Webtext — “We created a new dataset which emphasizes diversity of content, by scraping content from the Internet. In order to preserve document quality, we used only pages which have been curated/filtered by humans — specifically, we used outbound links from Reddit which received at least 3 karma. This can be thought of as a heuristic indicator for whether other users found the link interesting (whether educational or funny), leading to higher data quality than other similar datasets, such as CommonCrawl.”

More from GPT2 paper:

Books1 and 2

Not entirely clear on their origin but probably similar to the many available book corpora out there:, etc


Key Points: The training process gives 82% of the weight in the models to the CommonCrawl (filtered) and WebText2. So there’s a very large set of very general language. The Books1 and 2 and Wikipedia fill it in. This means that this is a very general model of very general language, if you assume that the WWW is full of huge variety of the way humans write/emit writing about things. Everything from strange comments in threads to well crafted datasets in academic articles to full pages of highly structured data.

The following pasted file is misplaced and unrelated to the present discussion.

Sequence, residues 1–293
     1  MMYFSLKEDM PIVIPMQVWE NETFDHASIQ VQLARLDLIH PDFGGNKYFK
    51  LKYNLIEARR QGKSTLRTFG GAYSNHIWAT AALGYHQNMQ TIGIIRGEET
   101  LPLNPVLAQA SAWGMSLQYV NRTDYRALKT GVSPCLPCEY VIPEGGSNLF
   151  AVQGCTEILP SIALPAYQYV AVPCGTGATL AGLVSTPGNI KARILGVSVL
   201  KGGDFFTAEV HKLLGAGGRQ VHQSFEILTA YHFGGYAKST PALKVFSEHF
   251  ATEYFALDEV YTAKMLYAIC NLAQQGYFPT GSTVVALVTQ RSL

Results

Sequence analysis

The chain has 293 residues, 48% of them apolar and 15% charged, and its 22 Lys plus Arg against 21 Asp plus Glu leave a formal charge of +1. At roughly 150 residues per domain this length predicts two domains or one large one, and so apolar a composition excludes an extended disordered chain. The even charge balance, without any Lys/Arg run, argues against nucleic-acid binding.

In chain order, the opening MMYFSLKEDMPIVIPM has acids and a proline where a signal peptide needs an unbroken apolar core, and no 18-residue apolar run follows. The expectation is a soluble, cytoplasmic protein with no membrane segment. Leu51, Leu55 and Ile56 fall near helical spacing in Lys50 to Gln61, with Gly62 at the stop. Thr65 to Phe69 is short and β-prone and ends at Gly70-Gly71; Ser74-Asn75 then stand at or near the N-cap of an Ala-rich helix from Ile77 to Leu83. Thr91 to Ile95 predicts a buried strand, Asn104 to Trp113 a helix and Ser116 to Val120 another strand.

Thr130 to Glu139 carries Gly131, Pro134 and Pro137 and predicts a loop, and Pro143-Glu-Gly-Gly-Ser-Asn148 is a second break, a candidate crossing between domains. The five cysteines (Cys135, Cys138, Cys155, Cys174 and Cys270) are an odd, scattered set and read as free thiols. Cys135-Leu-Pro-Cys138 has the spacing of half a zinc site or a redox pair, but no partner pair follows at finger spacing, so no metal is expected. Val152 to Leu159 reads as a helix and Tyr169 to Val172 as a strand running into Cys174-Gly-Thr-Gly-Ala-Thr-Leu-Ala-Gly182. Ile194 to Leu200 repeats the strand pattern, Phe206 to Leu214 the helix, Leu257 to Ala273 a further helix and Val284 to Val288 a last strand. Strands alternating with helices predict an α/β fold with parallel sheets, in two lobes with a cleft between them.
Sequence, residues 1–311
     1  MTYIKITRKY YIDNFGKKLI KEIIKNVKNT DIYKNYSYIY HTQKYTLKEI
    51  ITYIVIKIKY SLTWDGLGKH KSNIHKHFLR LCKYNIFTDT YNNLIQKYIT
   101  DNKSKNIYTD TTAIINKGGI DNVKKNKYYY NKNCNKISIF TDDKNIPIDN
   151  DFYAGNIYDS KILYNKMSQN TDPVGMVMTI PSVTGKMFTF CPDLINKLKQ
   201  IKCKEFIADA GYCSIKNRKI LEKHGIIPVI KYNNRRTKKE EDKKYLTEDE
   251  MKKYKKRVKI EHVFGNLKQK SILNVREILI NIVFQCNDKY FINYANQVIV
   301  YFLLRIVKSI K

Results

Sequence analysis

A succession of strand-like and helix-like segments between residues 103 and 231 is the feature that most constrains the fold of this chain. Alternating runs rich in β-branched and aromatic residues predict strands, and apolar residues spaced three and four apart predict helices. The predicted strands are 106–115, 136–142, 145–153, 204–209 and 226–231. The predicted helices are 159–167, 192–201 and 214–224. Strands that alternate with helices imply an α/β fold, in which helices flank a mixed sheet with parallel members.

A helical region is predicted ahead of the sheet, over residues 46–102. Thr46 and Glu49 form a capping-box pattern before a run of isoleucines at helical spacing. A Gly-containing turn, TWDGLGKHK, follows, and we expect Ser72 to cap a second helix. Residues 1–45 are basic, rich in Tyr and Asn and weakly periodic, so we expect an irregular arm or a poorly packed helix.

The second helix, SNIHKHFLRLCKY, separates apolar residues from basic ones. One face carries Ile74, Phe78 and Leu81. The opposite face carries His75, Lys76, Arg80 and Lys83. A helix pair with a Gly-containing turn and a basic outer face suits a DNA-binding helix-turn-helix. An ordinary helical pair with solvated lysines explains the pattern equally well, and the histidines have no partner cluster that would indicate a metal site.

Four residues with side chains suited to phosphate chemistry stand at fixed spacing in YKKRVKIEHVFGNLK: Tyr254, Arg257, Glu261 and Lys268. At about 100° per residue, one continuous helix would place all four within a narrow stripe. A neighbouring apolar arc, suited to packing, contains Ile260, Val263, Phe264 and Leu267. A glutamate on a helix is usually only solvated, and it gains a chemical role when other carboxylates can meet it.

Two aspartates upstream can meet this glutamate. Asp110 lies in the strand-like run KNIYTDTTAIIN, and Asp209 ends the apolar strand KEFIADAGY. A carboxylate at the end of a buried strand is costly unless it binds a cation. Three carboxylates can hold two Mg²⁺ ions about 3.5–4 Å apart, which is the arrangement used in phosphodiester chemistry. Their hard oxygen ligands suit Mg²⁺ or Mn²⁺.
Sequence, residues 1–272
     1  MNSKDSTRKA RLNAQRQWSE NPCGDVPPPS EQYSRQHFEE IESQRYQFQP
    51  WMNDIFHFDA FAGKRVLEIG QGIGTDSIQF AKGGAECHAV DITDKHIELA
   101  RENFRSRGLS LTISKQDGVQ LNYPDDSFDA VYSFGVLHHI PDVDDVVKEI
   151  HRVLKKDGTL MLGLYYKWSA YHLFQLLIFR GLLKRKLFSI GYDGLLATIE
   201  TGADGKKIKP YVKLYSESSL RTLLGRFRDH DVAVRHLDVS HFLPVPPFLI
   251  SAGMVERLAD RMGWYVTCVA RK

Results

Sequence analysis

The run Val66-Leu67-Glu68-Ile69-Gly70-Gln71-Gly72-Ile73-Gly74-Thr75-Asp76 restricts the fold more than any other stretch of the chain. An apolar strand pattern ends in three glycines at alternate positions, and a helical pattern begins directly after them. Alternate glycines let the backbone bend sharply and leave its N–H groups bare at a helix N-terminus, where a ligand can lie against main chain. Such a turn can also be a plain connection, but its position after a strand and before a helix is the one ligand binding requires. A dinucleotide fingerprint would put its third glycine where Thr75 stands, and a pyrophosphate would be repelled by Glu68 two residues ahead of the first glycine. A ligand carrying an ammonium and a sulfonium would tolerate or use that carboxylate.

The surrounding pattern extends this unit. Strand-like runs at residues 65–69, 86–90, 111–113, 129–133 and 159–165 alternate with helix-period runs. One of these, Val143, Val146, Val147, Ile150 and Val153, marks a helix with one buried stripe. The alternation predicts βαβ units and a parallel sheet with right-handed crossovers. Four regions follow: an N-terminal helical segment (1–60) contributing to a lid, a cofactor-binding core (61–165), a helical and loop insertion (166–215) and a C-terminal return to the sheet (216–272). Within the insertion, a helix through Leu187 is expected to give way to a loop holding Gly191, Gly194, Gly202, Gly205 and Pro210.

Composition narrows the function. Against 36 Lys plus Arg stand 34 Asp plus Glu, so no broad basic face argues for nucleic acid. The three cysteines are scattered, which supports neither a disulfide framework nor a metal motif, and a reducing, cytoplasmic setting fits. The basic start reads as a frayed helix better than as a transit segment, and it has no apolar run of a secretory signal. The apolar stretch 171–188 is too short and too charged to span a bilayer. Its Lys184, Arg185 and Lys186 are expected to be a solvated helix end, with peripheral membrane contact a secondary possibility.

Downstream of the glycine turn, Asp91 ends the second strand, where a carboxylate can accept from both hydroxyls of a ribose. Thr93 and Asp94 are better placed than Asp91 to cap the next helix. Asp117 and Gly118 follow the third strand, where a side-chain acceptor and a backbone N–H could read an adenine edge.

This corpus is so big, at least the English language aspect, that it’s unlikely to be missing very much in raw lexical and grammatical content. But thinking through the various biases of content types and forms on the web is extremely useful.

For example, there are far more webpages and articles and comments about Lady Gaga than ionized particles. There are far more sentences talking about Marvel Universe than data tables on duck-billed platypuses and even more on those than the effects of acetone on gizzard shad.

Trained Models

There’s nothing much extra to say on this that was covered in Part 1 of this essay series and any of the links provided there to GPT3 paper and info on transformer networks.

Inference Context